Subject: Re: Setting ipv6 default router without getting a MAC-based ipv6 addr
To: None <email@example.com>
From: der Mouse <mouse@Rodents.Montreal.QC.CA>
Date: 02/26/2000 04:17:22
>> So I have to either (a) have outgoing connections sometimes coming
>> from addresses not in the DNS or (b) change my reverse DNS when I
>> switch network cards?
>> [...] I don't consider either of those acceptable.
> this is why we need dynamic DNS. really.
Dynamic DNS just papers over the problem. Why should the DNS even have
occasion to care when I change network cards? In IPv4, this is what
ARP was all about (at least for Ethernets; analogous remarks apply for
> or, we may be able to use ICMPv6 node information query (ping6 -w)
> for reverse lookup if we can assume gethostname(3) contains FQDN.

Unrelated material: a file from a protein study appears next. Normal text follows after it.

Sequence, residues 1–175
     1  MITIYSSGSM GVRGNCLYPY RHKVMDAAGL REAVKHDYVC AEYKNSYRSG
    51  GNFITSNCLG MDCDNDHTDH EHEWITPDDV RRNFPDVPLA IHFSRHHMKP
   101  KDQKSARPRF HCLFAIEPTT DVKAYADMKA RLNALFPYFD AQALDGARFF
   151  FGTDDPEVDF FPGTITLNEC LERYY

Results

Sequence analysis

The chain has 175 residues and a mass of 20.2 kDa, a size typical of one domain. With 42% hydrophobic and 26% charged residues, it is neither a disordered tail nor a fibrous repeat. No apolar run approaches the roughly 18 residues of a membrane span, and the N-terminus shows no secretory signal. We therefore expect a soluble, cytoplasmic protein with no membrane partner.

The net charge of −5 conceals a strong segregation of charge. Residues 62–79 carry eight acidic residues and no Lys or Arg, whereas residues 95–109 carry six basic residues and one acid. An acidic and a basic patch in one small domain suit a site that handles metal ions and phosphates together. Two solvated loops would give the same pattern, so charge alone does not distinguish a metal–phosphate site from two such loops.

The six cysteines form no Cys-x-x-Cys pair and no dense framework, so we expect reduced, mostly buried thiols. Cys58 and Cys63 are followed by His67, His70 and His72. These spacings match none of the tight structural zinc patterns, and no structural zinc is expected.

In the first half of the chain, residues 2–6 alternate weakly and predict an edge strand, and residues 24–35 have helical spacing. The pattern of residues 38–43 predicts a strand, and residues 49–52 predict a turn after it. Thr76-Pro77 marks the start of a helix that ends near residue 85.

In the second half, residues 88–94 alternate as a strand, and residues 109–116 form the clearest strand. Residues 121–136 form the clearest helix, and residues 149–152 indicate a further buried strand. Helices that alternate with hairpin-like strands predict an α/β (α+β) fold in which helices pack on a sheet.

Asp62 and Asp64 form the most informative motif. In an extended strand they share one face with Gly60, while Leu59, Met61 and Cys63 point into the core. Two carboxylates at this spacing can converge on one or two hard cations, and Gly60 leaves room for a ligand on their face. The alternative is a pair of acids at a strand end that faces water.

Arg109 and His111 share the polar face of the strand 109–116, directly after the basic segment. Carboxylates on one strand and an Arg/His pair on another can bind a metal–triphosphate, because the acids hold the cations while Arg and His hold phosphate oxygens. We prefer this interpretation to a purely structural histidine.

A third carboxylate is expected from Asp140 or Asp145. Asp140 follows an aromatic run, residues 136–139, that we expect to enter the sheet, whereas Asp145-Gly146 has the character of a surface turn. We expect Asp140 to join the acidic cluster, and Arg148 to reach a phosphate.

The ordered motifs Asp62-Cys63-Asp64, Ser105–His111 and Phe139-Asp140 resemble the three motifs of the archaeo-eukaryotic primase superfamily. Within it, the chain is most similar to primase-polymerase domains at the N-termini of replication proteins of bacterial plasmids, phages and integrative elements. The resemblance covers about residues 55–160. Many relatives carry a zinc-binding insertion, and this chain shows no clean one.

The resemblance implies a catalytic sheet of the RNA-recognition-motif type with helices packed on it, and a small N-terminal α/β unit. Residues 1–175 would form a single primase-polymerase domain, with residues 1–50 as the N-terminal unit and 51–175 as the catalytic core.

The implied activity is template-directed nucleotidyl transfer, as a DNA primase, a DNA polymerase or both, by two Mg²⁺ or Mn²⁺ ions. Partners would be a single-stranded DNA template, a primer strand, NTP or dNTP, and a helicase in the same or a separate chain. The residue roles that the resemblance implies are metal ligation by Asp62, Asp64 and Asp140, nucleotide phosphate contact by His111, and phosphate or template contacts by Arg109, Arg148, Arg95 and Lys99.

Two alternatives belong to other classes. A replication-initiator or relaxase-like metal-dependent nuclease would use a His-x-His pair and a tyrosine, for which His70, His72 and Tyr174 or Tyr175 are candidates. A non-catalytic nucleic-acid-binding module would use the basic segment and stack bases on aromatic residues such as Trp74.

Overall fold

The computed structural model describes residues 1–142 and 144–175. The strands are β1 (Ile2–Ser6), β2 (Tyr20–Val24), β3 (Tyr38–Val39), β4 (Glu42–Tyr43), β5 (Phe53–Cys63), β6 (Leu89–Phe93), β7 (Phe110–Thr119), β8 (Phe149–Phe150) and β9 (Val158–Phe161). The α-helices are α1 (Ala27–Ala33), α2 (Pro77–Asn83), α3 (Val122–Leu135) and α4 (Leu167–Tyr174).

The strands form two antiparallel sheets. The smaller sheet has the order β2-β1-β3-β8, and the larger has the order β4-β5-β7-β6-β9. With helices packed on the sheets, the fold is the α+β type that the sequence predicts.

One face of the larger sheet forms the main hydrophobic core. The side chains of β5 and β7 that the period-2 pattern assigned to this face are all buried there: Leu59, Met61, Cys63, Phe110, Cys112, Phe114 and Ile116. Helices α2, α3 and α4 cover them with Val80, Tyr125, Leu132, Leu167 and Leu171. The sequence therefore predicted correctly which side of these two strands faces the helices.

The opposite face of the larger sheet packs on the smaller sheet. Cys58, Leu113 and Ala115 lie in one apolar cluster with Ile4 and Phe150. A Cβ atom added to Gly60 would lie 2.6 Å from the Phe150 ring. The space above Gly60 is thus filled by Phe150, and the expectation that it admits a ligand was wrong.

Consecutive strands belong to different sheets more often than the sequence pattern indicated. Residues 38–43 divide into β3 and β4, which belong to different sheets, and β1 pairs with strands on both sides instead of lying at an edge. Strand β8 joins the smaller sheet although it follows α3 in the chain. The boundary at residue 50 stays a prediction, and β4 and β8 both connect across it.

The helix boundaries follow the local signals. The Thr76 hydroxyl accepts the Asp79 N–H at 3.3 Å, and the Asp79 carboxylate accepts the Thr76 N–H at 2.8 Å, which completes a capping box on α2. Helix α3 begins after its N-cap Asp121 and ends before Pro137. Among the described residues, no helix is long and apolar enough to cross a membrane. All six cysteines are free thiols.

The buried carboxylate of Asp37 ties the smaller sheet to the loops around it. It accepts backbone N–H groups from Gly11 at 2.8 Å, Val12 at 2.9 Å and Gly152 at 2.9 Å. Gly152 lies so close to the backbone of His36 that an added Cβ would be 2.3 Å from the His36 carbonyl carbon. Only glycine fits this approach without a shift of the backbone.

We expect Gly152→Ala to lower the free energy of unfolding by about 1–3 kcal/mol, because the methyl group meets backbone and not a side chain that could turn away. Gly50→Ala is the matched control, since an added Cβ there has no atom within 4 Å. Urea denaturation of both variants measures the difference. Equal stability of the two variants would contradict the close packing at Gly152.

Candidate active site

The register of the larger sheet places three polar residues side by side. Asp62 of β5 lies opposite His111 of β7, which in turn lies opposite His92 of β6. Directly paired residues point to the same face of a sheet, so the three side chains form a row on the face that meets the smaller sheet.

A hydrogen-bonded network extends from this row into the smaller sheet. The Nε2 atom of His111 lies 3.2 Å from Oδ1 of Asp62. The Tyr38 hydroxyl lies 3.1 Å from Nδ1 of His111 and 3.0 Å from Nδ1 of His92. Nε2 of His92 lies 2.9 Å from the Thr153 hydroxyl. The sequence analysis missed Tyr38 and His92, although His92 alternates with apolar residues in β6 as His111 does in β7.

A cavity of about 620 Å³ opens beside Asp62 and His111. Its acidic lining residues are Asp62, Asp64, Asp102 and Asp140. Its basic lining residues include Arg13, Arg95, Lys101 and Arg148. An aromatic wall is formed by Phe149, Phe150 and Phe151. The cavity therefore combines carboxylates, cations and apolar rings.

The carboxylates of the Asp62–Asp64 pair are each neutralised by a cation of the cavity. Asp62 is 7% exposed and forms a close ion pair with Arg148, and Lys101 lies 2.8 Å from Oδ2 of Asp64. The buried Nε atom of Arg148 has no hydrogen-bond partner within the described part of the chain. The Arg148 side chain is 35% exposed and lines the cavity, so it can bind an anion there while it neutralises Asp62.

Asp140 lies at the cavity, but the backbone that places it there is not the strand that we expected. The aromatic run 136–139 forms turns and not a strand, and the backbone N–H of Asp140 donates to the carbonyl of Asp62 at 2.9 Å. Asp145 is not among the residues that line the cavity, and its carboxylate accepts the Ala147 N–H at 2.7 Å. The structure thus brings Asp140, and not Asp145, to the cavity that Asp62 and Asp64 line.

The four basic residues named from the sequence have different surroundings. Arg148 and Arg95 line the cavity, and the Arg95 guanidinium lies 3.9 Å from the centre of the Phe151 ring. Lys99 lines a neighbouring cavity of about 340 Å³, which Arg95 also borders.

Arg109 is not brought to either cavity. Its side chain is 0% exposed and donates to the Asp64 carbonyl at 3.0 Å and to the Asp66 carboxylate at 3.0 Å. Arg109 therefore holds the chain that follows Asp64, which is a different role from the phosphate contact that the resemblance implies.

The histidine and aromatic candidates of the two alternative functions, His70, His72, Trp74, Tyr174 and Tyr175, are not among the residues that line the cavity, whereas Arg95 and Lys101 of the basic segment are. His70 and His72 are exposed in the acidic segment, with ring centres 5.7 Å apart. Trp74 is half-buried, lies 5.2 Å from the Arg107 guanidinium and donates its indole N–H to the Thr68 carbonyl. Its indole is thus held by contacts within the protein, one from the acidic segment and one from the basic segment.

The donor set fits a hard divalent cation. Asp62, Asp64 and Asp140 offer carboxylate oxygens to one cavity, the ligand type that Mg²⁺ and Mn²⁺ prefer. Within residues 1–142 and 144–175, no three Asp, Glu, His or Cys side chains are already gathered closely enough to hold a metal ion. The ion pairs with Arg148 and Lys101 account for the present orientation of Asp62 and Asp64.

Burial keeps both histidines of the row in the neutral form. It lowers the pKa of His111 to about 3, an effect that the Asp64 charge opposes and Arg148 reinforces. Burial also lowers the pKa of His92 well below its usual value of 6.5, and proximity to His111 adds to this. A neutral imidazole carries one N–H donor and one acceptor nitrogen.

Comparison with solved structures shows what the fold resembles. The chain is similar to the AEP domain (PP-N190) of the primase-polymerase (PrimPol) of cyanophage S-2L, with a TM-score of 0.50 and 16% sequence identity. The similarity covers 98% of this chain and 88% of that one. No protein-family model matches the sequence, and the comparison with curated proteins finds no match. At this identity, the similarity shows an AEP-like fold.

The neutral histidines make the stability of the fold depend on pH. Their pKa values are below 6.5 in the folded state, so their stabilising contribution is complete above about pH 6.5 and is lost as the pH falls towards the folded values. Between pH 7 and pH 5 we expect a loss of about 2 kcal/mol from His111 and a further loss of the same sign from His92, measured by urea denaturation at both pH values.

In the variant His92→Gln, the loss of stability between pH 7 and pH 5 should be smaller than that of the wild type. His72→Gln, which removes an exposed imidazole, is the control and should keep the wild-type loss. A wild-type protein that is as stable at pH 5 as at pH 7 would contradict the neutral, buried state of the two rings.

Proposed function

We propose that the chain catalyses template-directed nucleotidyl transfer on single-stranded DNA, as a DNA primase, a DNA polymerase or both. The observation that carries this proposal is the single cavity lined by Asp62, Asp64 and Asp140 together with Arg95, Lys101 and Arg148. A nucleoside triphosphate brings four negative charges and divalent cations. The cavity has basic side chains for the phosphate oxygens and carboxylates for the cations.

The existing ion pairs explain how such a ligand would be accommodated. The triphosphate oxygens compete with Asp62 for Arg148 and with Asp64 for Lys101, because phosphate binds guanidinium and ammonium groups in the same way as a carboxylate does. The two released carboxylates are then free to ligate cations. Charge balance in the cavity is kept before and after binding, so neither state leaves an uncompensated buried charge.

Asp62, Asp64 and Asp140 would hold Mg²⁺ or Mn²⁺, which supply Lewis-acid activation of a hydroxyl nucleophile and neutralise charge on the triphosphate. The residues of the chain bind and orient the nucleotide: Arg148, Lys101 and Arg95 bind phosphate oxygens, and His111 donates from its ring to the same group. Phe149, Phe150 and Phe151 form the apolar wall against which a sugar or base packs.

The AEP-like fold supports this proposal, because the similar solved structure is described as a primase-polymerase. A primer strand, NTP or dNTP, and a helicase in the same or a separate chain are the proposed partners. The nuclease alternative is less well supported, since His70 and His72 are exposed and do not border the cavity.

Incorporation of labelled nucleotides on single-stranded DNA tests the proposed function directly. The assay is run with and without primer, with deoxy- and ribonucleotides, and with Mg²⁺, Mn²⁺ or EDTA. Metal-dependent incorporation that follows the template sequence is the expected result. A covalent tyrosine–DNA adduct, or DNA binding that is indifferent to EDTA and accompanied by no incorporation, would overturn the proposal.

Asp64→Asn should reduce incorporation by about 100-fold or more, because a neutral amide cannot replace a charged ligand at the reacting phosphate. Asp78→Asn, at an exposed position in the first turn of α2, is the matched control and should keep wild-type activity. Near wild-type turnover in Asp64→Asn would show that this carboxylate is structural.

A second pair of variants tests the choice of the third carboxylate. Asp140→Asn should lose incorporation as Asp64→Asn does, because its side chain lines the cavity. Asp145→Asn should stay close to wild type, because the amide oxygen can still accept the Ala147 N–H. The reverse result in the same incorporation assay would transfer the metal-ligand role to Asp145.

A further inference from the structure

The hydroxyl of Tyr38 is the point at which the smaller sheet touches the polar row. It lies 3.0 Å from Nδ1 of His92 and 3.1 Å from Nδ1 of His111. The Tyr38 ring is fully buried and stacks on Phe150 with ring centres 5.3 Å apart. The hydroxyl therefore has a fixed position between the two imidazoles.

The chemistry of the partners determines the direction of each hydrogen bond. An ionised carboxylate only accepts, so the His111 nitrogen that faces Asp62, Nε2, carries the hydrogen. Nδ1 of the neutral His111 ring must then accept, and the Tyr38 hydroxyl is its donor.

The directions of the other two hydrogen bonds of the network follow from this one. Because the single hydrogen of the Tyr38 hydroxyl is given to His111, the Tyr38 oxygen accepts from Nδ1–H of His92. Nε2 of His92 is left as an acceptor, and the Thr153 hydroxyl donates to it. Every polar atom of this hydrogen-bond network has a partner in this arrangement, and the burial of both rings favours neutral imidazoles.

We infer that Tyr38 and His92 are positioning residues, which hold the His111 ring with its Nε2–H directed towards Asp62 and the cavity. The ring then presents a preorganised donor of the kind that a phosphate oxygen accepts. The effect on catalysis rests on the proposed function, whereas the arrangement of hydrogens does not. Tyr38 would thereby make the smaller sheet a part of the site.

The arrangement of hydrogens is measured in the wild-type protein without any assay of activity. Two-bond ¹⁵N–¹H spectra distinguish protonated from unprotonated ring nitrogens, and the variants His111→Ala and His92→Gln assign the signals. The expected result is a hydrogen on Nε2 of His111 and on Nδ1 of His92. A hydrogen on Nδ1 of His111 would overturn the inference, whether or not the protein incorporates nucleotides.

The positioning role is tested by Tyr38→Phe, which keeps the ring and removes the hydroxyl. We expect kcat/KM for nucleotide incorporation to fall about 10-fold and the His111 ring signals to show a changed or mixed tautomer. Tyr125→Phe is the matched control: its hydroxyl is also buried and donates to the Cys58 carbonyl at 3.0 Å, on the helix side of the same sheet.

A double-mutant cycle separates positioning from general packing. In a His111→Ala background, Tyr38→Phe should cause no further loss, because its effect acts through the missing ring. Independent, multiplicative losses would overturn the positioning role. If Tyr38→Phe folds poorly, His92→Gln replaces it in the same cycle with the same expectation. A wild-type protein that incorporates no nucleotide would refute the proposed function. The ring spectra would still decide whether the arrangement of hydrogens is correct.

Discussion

This assumes that the host is up at the time the lookup is occurring,
and that it's reachable from the DNS server in question.
> seriously, there has to be some spec/document/whatever that describes
> the relationship between:
> - [DHCP-style roamers]
> - [fixed-address roamers]
> - dynamic DNS
> they cover the same topic from different aspect/goal/constraint.
To an extent, yes.
> I believe this problem is is not just for IPv6, it just made it
Well, if providing less of a solution for it that IPv4 did counts as
"just ma[king] it visible", perhaps. With IPv4, I can shut down a
machine on my house LAN and bring it up again with a different MAC
address (change network cards, or move the disk to another machine, or
whatever), and the only difference will be that the ARP caches will
look slightly different. I don't have to bash the DNS, I don't have to
frob the router, I don't have to retrain my fingers (which know the
addresses of my house machines fairly well), nobody off-segment can
even *tell*, never mind *care*...it all Just Works. It sounds as
though this is not true under IPv6, in which case I can't see it as a
step any direction but backwards.
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